$1.1 Trillion Deficit, Why the Euro is Still Down, Eating the Rich, Tech Convergence and More!

by Addison Wiggin & Ian Mathias

  • The tragic story the media missed… the biggest deficit in the history of money
  • Dollar weakens, yet euro stands still… Bill Jenkins on the true valuation of these monies
  • Bill Bonner on Congress’ latest “eat the rich” legislation
  • Our tech adviser shows a powerful example of a coming computing breakthrough

 

  Here’s what the headline in every paper in the country should read today:

$1,100,000,000,000.00

That’s the record budget deficit the government has accrued on our behalf since the fiscal year began last October. The word “record” really doesn’t even do the number justice… $1.1 trillion is more than double 2008’s all-time high deficit of $454 billion — and as you know, 2009 ain’t over. The CBO currently projects a $1.8 trillion budget deficit for the fiscal year, more than triple last year’s record.

Look at the recent history of the Treasury’s numbers and the trend is obvious. Check out our government’s book-balancing stupor over the last couple years:

That’s the kind of chart that should make a lot of sense to an active investor. What’s the outlook for a volatile stock that’s been making lower highs and lower lows?

  But our government’s outrageous deficit isn’t the story du jour… once again, that title goes to Goldman Sachs. The world-famous investment bank reported earnings this morning in line with our sentiment  yesterday: Goldman profited $3.4 billion in the second quarter, roughly double the Thomson Reuters forecast of $1.7 billion.

  Perhaps even more beneficial for Goldman’s share price — and the market at large — newly famous analyst Meredith Whitney gave GS her first ever financial “buy” rating yesterday. The “buy first, think later” types took this news straight to the market, bumping up GS shares 5% and the S&P over 2%.

But as usual, the drama’s in the details:

“Our more bullish outlook on Goldman Sachs shares,” Whitney wrote, “is deeply rooted in our sustained bearish stance on the U.S. economy and the state of U.S. financials at large. Specifically, we expect a tsunami of debt issuance from federal/sovereign, state and local governments to fund woefully underfunded budget gaps. In addition, we expect corporate debt issuance to be at least 60% as strong as peak cycle levels, reflecting sizable debt maturity rolls. What’s more, given fewer players in the market, not only is GS benefiting from market share gains on these products, but more widely in the derivatives products.”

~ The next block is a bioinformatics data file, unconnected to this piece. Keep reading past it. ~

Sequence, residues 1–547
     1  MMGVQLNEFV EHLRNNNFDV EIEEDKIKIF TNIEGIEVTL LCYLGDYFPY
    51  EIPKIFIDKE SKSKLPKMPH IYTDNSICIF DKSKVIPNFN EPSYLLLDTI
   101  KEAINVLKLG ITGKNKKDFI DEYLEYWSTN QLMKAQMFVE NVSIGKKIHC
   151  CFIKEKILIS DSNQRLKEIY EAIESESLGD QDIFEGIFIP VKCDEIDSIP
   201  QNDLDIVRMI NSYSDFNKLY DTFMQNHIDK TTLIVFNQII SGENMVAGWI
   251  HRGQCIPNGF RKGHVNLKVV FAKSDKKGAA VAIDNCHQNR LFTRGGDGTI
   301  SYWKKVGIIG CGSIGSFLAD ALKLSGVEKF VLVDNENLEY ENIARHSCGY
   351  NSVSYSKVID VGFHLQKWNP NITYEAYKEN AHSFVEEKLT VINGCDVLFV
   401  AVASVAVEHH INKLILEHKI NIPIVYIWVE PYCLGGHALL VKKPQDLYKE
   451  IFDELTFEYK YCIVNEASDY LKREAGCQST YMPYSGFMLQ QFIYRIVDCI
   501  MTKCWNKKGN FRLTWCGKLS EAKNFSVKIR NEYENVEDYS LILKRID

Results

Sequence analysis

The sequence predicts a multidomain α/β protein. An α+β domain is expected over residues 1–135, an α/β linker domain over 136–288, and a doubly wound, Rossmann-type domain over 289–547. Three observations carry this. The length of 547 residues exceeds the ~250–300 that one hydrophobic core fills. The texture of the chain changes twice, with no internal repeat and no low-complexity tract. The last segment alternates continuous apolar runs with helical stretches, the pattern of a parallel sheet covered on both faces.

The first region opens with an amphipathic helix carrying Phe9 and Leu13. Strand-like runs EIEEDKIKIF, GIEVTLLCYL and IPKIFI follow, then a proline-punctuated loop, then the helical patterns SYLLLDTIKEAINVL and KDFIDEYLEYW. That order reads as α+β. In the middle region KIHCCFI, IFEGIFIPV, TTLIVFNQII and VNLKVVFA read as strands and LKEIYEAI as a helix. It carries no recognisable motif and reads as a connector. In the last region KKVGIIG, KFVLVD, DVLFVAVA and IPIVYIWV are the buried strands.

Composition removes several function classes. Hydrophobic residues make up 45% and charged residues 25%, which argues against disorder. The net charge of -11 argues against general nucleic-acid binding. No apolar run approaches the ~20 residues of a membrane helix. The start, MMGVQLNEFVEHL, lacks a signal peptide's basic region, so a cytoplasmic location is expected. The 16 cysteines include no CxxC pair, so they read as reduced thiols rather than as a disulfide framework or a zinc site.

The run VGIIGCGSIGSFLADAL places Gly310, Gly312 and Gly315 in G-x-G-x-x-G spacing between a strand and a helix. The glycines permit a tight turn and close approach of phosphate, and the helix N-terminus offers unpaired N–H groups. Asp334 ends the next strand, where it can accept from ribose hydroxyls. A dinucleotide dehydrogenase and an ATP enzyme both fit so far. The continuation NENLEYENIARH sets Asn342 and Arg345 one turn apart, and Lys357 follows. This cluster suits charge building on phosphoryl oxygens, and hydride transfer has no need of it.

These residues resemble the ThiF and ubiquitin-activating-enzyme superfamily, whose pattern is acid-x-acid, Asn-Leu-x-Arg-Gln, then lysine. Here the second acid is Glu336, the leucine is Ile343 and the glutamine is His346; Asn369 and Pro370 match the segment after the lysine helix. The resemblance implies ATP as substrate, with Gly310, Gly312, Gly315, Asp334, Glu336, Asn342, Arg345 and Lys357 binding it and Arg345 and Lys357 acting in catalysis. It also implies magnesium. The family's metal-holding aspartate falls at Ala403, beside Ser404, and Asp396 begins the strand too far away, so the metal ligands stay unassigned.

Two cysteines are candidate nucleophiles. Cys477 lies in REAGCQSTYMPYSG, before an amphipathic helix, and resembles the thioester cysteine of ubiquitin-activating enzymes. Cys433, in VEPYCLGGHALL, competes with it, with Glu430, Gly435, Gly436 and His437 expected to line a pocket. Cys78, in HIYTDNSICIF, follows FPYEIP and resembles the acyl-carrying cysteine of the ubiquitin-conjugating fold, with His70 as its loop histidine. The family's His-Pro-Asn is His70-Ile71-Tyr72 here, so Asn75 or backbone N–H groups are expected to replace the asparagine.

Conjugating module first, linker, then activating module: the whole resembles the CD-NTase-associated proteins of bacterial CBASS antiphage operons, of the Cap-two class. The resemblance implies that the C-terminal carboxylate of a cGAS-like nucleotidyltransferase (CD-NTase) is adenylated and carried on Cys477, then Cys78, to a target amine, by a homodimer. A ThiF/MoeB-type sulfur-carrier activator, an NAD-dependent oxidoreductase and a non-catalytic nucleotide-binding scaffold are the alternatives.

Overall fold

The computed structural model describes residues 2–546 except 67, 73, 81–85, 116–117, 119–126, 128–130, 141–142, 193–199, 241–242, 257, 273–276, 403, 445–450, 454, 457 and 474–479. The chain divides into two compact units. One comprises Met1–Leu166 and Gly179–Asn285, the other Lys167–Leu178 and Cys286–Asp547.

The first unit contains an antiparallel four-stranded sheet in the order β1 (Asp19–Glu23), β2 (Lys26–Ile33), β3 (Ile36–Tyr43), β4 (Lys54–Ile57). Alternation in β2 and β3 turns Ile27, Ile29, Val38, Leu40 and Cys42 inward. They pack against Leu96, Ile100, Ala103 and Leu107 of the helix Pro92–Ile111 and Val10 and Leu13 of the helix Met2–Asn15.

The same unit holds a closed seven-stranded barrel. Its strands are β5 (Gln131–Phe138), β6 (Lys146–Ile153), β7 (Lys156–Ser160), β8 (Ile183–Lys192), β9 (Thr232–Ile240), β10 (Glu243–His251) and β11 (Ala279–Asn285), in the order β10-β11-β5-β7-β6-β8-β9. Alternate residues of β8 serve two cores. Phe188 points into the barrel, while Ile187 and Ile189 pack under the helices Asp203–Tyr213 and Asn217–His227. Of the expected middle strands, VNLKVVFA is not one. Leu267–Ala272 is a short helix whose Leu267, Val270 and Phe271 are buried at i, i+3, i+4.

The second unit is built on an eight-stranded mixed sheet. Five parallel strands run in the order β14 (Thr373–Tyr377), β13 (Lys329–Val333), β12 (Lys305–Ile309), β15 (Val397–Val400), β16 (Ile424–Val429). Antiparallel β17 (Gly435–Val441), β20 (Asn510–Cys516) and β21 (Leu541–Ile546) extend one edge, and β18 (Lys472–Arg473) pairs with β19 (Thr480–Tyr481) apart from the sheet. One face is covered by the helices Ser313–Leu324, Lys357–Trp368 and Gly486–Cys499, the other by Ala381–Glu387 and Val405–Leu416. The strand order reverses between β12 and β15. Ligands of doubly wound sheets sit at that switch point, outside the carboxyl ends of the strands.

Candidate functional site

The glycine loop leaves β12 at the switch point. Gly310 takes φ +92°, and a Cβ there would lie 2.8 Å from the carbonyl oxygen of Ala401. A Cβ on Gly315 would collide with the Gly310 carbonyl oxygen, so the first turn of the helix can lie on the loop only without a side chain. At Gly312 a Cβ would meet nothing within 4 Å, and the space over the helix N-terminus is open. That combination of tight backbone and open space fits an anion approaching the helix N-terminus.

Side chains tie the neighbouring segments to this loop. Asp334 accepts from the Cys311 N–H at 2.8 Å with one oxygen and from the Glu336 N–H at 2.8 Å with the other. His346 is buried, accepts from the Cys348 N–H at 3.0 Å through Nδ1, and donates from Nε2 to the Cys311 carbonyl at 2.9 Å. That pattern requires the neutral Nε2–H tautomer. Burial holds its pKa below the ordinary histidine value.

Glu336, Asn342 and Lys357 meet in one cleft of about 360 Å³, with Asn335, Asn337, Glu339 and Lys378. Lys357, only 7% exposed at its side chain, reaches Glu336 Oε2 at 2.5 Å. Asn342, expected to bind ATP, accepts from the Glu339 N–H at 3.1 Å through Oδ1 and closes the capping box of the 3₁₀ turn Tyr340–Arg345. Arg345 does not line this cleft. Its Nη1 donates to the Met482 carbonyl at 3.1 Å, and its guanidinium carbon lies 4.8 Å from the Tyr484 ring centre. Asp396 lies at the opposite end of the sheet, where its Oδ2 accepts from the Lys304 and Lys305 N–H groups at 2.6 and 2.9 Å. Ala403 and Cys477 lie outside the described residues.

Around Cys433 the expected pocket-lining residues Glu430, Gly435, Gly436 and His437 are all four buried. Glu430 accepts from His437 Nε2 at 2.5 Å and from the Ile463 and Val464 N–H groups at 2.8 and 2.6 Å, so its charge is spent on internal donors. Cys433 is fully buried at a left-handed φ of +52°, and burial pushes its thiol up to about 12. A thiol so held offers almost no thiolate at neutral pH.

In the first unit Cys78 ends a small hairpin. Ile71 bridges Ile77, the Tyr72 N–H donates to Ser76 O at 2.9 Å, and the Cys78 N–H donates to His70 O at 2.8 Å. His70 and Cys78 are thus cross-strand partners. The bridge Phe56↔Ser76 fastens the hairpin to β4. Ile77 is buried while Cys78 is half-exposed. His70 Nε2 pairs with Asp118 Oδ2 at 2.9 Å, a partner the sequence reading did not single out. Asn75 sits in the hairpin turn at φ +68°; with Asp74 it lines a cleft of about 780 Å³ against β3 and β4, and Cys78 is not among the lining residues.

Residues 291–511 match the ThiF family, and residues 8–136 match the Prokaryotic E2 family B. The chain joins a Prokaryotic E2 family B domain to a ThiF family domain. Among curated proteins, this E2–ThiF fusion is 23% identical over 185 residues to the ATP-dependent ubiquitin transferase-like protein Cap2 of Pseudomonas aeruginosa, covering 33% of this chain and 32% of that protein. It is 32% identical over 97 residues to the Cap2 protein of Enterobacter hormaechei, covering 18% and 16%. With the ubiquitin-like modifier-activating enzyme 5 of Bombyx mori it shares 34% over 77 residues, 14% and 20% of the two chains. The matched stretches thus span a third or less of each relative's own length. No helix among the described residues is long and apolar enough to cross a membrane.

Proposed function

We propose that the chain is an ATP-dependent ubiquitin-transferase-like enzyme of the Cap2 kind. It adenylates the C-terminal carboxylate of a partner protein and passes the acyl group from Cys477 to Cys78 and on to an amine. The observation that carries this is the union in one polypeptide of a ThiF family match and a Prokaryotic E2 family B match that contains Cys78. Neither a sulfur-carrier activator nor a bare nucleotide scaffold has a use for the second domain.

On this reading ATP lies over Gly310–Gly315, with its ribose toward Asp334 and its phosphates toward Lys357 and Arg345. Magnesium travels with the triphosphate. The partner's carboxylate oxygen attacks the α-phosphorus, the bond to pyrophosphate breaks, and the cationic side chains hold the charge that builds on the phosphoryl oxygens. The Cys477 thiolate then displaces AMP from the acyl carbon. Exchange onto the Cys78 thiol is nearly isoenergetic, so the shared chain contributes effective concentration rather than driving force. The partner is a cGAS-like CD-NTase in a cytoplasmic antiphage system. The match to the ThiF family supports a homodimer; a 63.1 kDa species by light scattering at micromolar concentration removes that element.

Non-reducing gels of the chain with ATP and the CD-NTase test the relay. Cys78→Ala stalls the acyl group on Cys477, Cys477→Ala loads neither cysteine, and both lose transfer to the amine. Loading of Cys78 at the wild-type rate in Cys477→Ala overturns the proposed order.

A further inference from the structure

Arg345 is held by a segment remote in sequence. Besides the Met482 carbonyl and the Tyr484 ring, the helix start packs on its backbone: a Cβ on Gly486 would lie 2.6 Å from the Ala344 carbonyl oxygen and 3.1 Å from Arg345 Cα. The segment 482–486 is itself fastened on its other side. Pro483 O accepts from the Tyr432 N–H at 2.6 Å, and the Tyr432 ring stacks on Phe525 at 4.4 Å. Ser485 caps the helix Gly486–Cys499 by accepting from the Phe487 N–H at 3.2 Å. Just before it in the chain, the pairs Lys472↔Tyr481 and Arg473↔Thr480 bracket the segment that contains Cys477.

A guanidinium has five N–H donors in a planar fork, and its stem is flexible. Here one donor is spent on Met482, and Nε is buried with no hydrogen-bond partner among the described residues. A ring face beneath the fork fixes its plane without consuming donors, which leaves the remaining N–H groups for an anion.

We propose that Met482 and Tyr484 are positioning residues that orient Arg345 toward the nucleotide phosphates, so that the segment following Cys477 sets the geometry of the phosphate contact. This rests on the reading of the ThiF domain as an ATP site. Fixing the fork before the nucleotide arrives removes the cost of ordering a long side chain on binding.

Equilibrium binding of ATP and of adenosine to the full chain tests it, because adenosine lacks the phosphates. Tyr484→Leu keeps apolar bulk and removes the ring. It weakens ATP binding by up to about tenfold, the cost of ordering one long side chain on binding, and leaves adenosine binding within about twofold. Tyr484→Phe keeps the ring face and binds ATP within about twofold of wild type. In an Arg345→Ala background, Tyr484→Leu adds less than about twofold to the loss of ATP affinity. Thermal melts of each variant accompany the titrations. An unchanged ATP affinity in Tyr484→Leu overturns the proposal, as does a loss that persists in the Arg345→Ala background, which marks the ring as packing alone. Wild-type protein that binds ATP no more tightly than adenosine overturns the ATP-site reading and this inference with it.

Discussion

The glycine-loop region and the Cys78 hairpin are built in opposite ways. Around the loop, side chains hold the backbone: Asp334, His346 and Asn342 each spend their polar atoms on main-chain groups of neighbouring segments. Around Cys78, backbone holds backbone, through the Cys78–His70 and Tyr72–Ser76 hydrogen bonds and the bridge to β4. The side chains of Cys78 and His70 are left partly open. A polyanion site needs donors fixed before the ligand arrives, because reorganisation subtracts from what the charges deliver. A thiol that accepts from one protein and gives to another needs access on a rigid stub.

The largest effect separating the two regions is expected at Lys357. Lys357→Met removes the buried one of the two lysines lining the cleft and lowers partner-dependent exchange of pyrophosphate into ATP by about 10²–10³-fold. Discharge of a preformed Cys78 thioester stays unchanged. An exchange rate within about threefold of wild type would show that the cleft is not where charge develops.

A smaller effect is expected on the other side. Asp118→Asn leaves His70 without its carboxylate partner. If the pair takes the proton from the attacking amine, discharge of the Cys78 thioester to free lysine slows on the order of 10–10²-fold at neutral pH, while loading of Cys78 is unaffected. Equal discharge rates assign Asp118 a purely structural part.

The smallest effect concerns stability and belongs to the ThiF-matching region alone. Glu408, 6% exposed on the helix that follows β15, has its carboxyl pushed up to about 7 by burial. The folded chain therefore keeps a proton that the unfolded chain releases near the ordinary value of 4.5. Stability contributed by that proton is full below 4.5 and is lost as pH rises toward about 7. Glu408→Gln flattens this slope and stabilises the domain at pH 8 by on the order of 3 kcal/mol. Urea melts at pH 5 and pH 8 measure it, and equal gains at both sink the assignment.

The market is back to floundering today. Looks like another “buy the rumor, sell the news” trade. Financials and consumer stocks led the way yesterday, and even though Goldman Sachs and Johnson & Johnson beat earnings this morning, both sectors are under pressure today.

As we write the Dow and S&P are still around break-even.

  The data patch won’t help stocks today either. Retail sales improved in June for the second month in a row… but increased only 0.6%, and the majority of the rise was due to the 5% jump in gas prices.

And much to the dismay of the Fed, producer price inflation shot up 1.8% in June, double analyst expectations and the biggest jump since November 2007. Like retail sales, higher energy costs led the rise.

  Yesterday’s stock rally pushed the dollar index down half a point, to 80 even. The Treasury’s announcement of the biggest budget deficit in the history of fiat money didn’t help the greenback, either.

That puts the pound up a few cents from last week’s low, to $1.63. The Canadian dollar has gotten a nice bump too, from 86 cents Friday to just under 88 cents as we write. At 92, the yen is holding on to its newfound strength.

But in spite of the dollar’s marginal weakness, the euro is no better off. In fact, since peaking around $1.43 in early June, the multination currency has been slowly trending down. This morning, it’s at $1.39.

  “Remember that currencies, because they are fiat by nature, are political things,” our currency trader Bill Jenkins reminds us. “While it is the fundamentals that drive them, one of the overarching problems in our market is the absence of reliable fundamental data. It is hard to debate against the fact that governments manipulate what is released.

“But some things are for sure and provide ‘reasonable markers’ to see what a currency is doing. One of my ‘favorites,’ although I hate to call it that, is the ‘civil unrest factor.’

“Across the eurozone, riots and outbreaks of violence have been touched off by escalating economic problems and disagreements between members and neighbors. People involved in civil unrest are a multifold problem. First, they have too much time on their hands because they are not working. Jobless citizens, especially in a heavily socialist culture, are a continual drag on the system.

“Second, it costs money to keep repressing social upheaval — presenting another drag on the system. Additionally, the passions and fears of men being what they are, such activities tend to draw in more normally productive folks as the snowball gains speed and volume.

“Here in the United States, we are not facing such difficulties (yet). This means a more reasonable system of work and distribution of goods and labor. All in all, this is good for a culture, the body politic and the economy. As a result, it also breeds greater confidence in the currency. And when all is said and done, investment money will go where there is a reasonable likelihood of return, even if the return may be lower.

“Longer term, I have to wonder if the euro has what it takes to survive this crisis. I have no doubt that the United States will emerge out the other side with all 50 states still members of the union. I don’t know that such can be said for the European Union.”